The zoom process itself is entertaining the first few times you try it out. An odd combination of optical and digital zoom bridges the gap between the two lenses, giving you the impression of zooming seamlessly from 23mm to 117mm and beyond. The digital zoom takes you from the 23mm lens to the wide 39mm end of the zoom lens, then hardware takes over and zooms optically from 39mm to 117mm, where an additional 4X digital zoom takes over again. You can also turn digital zoom off entirely, in which case the camera's zoom jumps directly from 23mm to the 39mm-to-117mm range. A yellow-and-red-striped indicator bar on the LCD shows what zoom range you're using.
There's one problem with the system: a parallax change when switching from one lens to the other. At relatively close distances, the framed area alters noticeably when the digital zoom takes you from one lens to the other.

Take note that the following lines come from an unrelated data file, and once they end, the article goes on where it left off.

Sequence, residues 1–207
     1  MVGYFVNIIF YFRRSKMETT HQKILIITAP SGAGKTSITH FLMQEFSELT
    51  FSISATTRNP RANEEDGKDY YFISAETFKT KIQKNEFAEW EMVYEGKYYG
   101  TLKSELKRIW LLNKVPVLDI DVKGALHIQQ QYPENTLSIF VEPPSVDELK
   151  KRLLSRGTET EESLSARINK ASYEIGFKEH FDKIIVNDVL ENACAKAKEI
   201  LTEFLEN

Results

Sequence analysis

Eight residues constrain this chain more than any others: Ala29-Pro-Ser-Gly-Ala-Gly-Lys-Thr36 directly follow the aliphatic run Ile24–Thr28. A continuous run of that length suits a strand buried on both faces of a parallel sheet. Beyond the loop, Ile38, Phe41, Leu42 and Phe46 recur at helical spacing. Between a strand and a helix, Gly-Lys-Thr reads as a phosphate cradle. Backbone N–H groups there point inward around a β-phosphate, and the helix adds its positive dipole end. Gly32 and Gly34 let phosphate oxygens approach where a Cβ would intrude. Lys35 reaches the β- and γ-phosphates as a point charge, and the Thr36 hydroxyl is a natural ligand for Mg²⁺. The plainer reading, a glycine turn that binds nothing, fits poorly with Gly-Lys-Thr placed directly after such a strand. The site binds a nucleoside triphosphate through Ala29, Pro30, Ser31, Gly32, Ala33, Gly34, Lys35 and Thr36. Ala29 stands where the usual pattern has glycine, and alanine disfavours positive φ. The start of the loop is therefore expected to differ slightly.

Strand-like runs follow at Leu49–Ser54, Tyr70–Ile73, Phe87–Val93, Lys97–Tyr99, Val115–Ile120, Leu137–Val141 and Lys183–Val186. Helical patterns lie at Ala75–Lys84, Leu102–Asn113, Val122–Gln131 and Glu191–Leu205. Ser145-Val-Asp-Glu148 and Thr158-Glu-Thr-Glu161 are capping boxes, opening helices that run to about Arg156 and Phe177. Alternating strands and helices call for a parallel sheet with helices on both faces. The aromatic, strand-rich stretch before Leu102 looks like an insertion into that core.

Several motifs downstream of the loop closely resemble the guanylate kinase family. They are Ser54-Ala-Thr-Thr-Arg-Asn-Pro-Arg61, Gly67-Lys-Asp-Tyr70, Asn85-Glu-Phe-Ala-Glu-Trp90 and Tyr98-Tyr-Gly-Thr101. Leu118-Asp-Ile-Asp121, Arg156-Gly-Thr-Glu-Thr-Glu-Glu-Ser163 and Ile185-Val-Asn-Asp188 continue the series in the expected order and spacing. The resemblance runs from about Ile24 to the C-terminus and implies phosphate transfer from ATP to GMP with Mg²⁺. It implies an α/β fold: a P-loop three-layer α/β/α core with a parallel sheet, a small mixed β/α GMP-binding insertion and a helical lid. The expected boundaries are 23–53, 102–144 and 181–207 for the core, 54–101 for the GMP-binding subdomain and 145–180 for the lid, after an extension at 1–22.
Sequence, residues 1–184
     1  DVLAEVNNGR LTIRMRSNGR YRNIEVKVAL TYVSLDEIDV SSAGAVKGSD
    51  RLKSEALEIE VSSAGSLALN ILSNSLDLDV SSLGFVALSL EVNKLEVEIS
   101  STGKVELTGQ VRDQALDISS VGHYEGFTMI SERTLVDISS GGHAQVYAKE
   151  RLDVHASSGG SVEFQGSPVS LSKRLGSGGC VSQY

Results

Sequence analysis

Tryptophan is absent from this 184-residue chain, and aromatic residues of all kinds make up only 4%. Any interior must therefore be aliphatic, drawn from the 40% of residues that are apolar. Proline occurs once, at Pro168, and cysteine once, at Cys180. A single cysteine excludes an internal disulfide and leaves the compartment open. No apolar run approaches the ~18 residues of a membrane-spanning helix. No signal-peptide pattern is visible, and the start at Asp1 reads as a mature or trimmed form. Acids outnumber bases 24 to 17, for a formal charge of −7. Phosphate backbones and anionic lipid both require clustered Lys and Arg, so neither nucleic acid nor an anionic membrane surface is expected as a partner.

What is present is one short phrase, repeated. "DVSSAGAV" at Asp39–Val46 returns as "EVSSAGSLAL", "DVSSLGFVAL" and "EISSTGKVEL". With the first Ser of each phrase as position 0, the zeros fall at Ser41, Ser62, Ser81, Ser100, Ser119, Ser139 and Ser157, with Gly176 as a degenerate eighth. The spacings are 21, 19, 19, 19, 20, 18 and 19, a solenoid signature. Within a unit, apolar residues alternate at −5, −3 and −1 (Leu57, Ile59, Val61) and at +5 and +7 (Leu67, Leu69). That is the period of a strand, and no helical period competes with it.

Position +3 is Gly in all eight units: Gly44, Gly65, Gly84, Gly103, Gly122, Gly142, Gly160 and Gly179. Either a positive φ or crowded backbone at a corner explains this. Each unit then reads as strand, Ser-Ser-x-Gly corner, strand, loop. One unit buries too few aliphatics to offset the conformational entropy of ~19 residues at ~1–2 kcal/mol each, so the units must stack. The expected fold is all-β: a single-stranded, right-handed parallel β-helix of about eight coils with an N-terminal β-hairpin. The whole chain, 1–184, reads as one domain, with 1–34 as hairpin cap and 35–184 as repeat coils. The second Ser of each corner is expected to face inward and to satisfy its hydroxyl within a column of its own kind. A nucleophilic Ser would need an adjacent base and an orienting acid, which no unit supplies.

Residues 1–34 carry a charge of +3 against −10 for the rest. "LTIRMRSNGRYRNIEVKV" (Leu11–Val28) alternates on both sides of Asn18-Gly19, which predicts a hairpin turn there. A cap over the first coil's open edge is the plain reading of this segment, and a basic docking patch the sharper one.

Although most of the controls are sensibly laid out and easy to use, the zoom button isn't the only source of problems. There are five tiny buttons on the top surface of the camera, and when hurried, we often pressed the power button instead of the shutter release or the Scene mode button instead of the similar Motion Picture or Favorites buttons. In addition, the very small four-way joystick on the right side of the back panel navigated with lightning speed through menu options, but it was easy to accidentally push this key, selecting a setting we didn't really want. When not zipping around menus, the joystick adjusts the LCD information display (up), shifts between macro and normal focus (down), and applies exposure compensation (left/right, for plus or minus 2EV in 1/3EV steps). Aimed at snapshooters who want versatility in addition to style, the Kodak EasyShare V570 offers scene modes galore, including Portrait, Panorama Stitch, Sport, Landscape, Close-up, Night Portrait, Night Landscape, Snow, Beach, Text, Fireworks, Flower, Museum, Self-Portrait, Party, Children, Backlight, Panning, Candlelight, Sunset, and a Custom option. That last mode saves the current settings when you turn the camera off, for later retrieval when you next use the Custom scene mode.